• Alaska

  • California

  • Colorado

  • Maine

  • Massachusetts

  • Nevada

  • Oregon

  • Washington

According to a recently released report from Arcview Market Research and BDS Analytics (“State of the Legal Cannabis Markets”), U.S. spending on licensed recreational pot will surpass an estimated $7.3 billion in 2019. For added context, that’s more than all of Canada will sell by 2024, per the report.

California is, by far, the leading market in the U.S. for marijuana sales, with the Golden State expected to generate $3.1 billion in 2019 revenue. Beyond California, only Colorado and Washington are forecast to hit more than $1 billion in recreational weed sales this year. However, keep your eyes on Nevada, which is projected to have the highest per-capita spending on recreational marijuana of any U.S. state by 2024.

A bearded man holding a lit cannabis joint in front of his face by his fingertips.

A bearded man holding a lit cannabis joint in front of his face by his fingertips.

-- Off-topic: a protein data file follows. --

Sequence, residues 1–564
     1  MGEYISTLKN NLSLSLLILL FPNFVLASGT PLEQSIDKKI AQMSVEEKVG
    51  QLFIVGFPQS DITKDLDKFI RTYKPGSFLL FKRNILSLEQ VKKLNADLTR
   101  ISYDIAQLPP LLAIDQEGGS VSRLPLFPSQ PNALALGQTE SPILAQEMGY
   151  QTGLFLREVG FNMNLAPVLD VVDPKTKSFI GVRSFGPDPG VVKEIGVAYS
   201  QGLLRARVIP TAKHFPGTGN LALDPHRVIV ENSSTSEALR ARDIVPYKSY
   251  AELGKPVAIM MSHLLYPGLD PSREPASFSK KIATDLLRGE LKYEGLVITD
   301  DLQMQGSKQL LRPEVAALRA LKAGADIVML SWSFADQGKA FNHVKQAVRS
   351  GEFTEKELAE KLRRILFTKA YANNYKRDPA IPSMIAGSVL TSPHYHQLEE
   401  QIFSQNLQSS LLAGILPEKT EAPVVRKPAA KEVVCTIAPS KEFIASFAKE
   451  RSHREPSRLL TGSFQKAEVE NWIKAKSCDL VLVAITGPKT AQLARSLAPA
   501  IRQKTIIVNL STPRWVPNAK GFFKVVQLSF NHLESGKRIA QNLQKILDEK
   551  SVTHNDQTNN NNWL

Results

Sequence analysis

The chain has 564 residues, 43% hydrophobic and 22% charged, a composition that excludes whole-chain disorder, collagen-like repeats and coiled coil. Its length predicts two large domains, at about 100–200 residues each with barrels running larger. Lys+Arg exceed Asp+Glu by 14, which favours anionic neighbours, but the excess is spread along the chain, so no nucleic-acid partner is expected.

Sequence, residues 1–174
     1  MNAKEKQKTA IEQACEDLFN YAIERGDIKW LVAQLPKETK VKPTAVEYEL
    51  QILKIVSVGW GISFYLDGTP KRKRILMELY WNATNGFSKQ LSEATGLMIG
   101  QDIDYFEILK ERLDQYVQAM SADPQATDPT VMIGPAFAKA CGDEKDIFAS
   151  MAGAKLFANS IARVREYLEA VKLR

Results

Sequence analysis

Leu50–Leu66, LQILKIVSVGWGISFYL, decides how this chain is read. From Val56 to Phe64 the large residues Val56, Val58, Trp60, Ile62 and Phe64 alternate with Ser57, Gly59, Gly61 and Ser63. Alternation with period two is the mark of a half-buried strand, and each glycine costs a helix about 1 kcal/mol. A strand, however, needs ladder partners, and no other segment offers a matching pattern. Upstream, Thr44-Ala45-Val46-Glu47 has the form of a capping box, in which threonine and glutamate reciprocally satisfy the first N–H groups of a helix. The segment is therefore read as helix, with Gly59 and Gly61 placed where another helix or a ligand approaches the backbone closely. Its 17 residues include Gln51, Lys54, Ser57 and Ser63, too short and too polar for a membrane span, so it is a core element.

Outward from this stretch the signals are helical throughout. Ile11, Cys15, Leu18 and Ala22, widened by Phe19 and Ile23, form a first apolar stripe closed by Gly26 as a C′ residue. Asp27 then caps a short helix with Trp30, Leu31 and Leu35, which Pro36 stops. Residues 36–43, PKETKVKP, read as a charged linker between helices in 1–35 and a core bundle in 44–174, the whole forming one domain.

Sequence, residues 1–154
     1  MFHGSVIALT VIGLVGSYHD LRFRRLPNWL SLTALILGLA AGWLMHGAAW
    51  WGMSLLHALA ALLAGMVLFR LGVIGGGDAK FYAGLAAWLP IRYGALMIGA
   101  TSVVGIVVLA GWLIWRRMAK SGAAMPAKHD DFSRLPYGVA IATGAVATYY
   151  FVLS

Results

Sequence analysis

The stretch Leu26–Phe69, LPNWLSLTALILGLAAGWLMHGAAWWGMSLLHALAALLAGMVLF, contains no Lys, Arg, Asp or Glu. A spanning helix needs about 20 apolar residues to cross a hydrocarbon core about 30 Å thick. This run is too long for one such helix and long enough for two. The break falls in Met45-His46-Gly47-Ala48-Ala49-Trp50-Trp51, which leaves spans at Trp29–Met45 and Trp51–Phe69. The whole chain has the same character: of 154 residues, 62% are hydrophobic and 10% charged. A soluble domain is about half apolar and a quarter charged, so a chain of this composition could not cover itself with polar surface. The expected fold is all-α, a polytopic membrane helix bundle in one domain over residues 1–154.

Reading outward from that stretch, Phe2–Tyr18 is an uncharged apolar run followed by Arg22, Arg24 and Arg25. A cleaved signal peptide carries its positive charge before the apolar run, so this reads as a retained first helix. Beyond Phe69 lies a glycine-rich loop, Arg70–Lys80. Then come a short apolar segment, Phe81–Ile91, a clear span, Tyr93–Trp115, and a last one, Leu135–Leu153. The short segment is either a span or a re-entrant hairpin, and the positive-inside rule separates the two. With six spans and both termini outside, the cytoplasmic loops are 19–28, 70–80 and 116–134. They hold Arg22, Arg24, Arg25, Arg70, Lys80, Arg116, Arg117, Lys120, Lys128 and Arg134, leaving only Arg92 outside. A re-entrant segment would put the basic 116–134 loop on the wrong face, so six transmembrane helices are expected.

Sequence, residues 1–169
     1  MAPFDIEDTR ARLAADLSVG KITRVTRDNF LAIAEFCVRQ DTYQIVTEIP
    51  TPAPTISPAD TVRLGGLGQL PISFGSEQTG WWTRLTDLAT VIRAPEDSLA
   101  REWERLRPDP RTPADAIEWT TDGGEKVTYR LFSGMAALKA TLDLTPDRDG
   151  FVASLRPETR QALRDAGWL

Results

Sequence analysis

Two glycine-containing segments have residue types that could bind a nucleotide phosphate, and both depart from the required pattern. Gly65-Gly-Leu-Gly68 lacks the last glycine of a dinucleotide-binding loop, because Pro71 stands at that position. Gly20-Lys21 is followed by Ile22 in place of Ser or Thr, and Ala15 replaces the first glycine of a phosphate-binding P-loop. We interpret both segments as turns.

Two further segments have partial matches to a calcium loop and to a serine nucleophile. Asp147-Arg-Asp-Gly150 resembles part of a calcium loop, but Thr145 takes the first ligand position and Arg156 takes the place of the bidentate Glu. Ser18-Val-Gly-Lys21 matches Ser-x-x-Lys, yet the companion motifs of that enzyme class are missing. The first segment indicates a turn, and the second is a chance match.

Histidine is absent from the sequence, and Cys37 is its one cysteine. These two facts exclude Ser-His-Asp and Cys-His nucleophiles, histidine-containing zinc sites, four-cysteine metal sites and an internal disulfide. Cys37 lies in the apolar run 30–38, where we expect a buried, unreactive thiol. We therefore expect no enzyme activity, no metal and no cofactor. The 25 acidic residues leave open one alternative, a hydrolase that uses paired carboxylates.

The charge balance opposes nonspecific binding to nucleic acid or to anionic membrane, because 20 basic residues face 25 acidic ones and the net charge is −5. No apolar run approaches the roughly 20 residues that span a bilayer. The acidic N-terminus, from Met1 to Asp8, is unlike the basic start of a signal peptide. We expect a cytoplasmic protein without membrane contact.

Image source: Getty Images.

These states have fully legalized recreational cannabis but are not selling it (yet)

In addition to the eight states to have legalized and sold recreational cannabis, there are three other states that have given adult-use weed the green light but have yet to sell any recreational product. These states are:

  • Illinois

  • Michigan

  • Vermont

The Illinois Legislature recently passed — and its governor, J.B. Pritzker (D-Ill.), signed — a recreational cannabis bill into law, with sales set to begin on Jan. 1, 2020. Meanwhile, Michigan voters legalized a recreational marijuana initiative in 2018, but the state isn’t expected to commence licensed sales activity until sometime in 2020.

As for Vermont, its legislature legalized recreational marijuana use in early 2018, but at the moment the state forbids retail sales of the drug. This should soon change, with the legislature working on bills that would create a retail system (and presumably a tax) that’s similar to other legalized states.

As with the other recreationally legal states, medical pot is also legal.